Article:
How do you see the current developments in badminton?
In the past two years, power has shifted quite a bit. In men’s doubles, Denmark used to be one of our fiercest competitors. Now Denmark’s achievement has declined. South Korea also used to be strong, and now it only has one strong pair. While we were used to either winning or losing, our men’s doubles have been dominant in the past two years.
What about China?
China used to be dominant, but that is also changing. Their head coach was Li Yongbo, but he has been replaced in the past two years. Maybe there is a change in their system, or a decline in their achievements.
China’s achievements are down?
Their doubles and women’s singles have declined quite a bit. They are strong in mixed doubles.
Which country is the toughest opponent?
It used to be China, but they have surrendered. We used to have an ongoing fight with the pair Li Junhui/Liu Yuchen. Lately, however, they have been slacking off and keep losing. They used to compete with Kevin/Gideon, but now they even loose against Fajar/Rian.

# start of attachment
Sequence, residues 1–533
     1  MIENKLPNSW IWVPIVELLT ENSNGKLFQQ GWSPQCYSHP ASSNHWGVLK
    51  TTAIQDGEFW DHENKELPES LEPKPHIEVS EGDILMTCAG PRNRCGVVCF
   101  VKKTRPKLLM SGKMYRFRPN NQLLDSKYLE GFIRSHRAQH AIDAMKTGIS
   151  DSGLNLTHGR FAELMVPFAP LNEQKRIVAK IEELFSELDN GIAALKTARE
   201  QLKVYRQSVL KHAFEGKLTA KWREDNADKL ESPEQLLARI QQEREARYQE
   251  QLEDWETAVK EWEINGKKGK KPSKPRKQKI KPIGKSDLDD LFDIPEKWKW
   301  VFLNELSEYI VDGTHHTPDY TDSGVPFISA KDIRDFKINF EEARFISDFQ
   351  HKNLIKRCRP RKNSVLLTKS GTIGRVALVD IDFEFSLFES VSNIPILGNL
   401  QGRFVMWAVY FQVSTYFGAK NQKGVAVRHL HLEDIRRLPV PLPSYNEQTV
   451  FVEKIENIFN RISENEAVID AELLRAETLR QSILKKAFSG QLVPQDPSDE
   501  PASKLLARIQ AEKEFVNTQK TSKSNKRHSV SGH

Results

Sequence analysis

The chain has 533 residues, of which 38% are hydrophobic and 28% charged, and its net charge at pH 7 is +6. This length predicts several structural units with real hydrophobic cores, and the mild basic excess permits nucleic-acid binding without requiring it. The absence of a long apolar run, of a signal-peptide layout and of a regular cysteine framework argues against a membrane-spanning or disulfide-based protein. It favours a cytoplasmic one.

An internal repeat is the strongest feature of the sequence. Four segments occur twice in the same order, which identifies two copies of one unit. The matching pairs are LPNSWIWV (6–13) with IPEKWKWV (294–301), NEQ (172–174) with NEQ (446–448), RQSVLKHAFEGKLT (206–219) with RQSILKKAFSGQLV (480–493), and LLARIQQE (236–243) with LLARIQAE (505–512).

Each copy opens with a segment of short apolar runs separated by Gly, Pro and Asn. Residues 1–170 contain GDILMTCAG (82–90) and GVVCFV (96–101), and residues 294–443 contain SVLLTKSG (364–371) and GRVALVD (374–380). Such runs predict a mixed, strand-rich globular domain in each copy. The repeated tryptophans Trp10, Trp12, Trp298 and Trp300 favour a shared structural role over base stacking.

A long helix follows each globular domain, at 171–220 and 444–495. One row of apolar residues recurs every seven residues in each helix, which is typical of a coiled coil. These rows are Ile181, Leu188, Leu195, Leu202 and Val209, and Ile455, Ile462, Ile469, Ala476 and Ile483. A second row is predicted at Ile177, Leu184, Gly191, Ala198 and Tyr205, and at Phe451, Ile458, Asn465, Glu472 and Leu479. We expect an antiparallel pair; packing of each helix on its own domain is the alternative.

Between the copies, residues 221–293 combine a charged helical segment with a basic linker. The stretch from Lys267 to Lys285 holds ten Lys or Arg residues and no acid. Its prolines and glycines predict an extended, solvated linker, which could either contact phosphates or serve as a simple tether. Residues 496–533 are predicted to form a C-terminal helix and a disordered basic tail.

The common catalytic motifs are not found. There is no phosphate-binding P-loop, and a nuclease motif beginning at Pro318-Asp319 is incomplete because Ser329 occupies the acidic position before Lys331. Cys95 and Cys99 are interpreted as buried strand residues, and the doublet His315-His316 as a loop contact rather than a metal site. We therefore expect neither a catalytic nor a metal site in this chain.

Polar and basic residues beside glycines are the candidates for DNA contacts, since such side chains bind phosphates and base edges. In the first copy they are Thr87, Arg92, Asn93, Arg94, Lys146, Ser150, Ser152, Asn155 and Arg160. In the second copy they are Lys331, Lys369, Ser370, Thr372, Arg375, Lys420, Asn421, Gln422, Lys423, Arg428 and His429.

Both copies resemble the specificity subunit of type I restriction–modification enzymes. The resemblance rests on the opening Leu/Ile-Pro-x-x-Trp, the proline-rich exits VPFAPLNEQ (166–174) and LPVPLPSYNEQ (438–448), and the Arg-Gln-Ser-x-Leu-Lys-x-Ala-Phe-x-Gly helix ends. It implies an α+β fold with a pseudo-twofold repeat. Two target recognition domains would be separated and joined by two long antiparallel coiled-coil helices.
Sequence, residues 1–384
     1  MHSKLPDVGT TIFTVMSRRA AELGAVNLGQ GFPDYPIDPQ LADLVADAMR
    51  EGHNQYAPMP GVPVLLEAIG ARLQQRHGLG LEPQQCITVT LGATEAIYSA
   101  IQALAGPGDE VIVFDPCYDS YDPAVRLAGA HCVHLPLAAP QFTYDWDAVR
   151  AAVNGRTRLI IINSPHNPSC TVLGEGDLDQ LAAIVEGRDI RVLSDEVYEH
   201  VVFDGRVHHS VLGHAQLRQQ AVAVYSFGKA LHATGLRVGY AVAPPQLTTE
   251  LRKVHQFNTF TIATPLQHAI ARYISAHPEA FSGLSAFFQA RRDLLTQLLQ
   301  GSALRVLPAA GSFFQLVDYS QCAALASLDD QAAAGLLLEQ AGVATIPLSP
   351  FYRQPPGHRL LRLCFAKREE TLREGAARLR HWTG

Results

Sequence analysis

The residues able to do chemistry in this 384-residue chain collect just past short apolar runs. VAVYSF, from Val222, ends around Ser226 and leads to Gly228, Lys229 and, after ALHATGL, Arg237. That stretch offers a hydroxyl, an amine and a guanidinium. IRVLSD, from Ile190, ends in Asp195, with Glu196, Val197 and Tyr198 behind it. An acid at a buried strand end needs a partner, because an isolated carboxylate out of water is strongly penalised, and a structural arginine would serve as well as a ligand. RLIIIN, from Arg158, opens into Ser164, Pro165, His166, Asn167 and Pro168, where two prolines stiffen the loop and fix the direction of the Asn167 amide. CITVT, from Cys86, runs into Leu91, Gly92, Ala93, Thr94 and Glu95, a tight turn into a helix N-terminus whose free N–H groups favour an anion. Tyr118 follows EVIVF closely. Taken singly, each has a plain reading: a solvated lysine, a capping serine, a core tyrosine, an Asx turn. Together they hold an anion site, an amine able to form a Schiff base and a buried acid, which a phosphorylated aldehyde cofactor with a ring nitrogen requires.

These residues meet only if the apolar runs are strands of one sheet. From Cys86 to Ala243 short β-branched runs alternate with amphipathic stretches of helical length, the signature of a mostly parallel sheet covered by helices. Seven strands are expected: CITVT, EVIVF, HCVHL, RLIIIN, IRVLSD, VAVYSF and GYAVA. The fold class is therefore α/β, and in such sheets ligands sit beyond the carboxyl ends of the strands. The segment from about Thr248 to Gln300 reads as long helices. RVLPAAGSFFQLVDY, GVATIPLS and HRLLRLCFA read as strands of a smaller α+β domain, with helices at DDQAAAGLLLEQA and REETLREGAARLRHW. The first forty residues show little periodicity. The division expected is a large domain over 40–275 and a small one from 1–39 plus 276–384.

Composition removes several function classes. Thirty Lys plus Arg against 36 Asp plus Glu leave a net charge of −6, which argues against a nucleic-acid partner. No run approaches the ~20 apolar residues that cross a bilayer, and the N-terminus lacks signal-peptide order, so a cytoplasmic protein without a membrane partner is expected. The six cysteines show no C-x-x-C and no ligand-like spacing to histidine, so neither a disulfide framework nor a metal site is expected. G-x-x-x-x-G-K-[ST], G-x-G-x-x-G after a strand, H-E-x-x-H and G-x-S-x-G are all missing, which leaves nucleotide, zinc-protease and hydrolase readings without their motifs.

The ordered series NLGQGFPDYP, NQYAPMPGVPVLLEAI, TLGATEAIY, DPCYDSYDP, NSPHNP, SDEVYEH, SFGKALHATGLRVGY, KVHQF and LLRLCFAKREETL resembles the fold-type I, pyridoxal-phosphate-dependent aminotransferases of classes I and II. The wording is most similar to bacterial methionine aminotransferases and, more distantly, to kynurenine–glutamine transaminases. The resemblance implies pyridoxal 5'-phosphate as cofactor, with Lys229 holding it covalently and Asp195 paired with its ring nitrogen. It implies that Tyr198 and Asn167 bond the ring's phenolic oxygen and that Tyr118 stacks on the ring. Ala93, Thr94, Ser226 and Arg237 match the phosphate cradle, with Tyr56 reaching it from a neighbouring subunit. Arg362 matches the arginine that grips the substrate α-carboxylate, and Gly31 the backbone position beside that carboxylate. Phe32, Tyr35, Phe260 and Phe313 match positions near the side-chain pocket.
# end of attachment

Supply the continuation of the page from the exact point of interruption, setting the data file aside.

Does this mean we have no opponents?
Of course we do. It doesn’t mean that we are stronger, that’s not the case. Let’s not think like that.
What is the advantage of Indonesia’s men’s doubles?
Men’s doubles’ world players already know Indonesia’s way of playing. We are known for net playing. We are superior in this, it’s our specialization. Athletes from other countries have to think twice when playing Indonesia. We play with a lot of technique. Others rely more on power and speed.
What is the source of Indonesian players unique style?
Most of our badminton venues are using air conditioners. There are winds factor, whether you play against or in the direction of the wind. Then the physical shapes of Indonesian players are different from those of Korean and Chinese who are bigger and stronger. So we use techniques to compensate it, do not rely on power at all times.
When this technique was first developed?
I am carrying forward Koh Chris (Christian Hadinata) strategies, one of them is no lob. But I developed it further with more variations and details. Before, under Koh Chris directions, they had only two patterns. Now I have four to five net playing techniques.